European CVC — corporate venture capital, or when corporates invest directly into startups — funding hit $10bn this year and shows no signs of slowing down. Big ticket rounds included fintech Klarna’s $1bn raise backed by Visa and webinar platform Hopin’s $400m raise, backed by Salesforce.
But as CVC investment gets bigger, so do the options. Startups need to decide which type of CVC fits them best, and how to use their new money to their advantage.
“Large corporations are in full transition of replacing outdated legacy software for integrated SaaS solutions, which is really a good thing for startups,” says Bruno Vandegehuchte, organiser of Belgian startup event The Big Score by Startups.be and Scale-Ups.eu. “As the collaboration wave with startups is getting stronger, so does CVC investment in Europe, hitting a significant €10bn+ record in 2021.”
Make a distinction between collaboration and exclusivity [...] often younger startups don’t think this through
It all depends on what corporates are after, Vandegehuchte says. Some are looking to have new products developed, while others are looking to diversify the products and services they already offer.
So if you’re new to the CVC game — or you’ve just received some corporate cash and aren’t sure what to do next — here’s what the experts say.
Choose your CVC wisely
Corporates will typically invest in startups working in their own industry, according to Filip Van Innis, investment director at Fortino. “Quite often this is to support innovation outside the boundaries of their own operations, in things that they believe are the future and could disrupt the industry,” he adds.
There are around six different kinds of CVC, ranging from a single direct investment (typically combined with a corporate incubator or accelerator) to a portfolio with long-term capital investment based on a defined strategy.
But Lucas Stoops, investment manager at Force Over Mass Capital, says there are two sides of the spectrum and most CVCs fall somewhere in between.
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“Corporate VCs typically have two types; the first is the ones who only invest from a financial point of view, meaning they only care about having more capital,” he says. “And then you have others that are more strategic and will say ‘look, I will only invest in the company if it really does help my own business’.”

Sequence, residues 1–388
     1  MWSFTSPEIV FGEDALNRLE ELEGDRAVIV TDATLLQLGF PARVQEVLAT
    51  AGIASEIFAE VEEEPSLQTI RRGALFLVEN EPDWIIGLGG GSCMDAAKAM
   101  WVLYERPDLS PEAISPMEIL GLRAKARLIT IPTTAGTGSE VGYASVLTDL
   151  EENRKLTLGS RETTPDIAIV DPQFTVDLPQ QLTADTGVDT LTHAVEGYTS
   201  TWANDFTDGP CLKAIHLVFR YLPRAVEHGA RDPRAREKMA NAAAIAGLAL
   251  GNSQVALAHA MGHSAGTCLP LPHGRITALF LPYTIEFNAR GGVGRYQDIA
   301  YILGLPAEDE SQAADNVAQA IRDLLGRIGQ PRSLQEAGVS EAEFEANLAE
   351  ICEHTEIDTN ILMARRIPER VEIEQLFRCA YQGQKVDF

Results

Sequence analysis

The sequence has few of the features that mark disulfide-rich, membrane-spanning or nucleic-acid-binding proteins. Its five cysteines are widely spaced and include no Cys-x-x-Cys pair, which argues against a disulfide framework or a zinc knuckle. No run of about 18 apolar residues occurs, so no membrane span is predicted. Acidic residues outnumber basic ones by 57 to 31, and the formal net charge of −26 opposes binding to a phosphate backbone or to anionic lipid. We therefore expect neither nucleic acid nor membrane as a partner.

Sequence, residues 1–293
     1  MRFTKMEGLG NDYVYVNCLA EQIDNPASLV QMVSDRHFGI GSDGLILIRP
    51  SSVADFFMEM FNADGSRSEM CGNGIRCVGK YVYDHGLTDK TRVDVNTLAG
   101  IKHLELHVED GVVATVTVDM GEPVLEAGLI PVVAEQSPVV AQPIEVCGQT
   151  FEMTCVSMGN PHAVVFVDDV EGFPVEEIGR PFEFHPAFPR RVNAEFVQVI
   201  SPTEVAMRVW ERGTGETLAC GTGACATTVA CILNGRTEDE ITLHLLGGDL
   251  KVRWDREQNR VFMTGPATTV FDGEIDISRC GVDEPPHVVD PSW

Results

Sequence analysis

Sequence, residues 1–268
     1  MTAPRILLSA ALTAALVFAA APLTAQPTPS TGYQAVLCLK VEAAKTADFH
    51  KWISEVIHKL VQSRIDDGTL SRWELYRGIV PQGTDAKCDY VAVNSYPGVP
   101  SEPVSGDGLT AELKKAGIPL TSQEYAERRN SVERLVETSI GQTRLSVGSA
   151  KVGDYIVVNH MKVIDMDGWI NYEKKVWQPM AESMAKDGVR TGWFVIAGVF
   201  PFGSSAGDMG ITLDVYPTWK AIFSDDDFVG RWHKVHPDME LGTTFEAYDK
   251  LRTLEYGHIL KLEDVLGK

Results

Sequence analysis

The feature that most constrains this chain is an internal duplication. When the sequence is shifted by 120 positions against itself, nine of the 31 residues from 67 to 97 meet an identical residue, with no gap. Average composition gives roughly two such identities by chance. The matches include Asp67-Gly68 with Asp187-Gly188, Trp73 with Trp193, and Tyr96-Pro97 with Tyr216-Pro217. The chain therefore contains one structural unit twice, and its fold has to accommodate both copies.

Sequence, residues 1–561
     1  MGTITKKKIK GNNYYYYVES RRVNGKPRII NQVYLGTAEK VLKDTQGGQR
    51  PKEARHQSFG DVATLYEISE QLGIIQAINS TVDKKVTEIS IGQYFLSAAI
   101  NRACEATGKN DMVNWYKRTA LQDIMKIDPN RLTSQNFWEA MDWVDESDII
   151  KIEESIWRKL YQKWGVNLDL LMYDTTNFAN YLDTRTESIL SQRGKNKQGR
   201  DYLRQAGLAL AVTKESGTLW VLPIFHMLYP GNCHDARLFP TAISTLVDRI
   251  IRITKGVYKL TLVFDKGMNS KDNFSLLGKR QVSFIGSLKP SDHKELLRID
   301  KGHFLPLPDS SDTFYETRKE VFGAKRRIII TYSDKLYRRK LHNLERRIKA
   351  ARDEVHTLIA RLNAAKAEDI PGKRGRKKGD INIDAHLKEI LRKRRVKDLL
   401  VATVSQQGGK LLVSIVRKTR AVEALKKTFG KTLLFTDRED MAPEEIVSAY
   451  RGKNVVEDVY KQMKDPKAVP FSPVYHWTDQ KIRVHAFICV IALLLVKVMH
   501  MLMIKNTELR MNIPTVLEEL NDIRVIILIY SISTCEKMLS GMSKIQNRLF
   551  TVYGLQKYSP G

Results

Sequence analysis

He adds it’s important to not look for a CVC too early — even if it’s just for investment — as it could scare off other clients and mould your startup into something it’s not.
“At the later stage it does make sense,” he says. “But in the beginning, market signalling [the information sent from one company to others in the industry] and all those things are quite important.”
Read the fine print
For Vandegehuchte, his advice for startups who are looking for CVC investment is the same as for startups who are negotiating with VCs, and is similar to Stoops: “Don’t get stuck with exclusivity.”
“Make a distinction between collaboration and exclusivity,” he says. “Often, especially younger startups, don’t think this through and they get caught out by all kinds of contractual clauses, which disable them to negotiate with other players.”
Stoops says that when looking at the contract, it’s important to lock in revenue (or a means of making money from your product or service) before the investment.